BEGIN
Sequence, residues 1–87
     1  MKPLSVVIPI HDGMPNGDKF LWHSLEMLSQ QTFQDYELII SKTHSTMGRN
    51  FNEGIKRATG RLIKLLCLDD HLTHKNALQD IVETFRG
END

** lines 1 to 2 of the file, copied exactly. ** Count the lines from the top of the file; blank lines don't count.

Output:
Sequence, residues 1–87
     1  MKPLSVVIPI HDGMPNGDKF LWHSLEMLSQ QTFQDYELII SKTHSTMGRN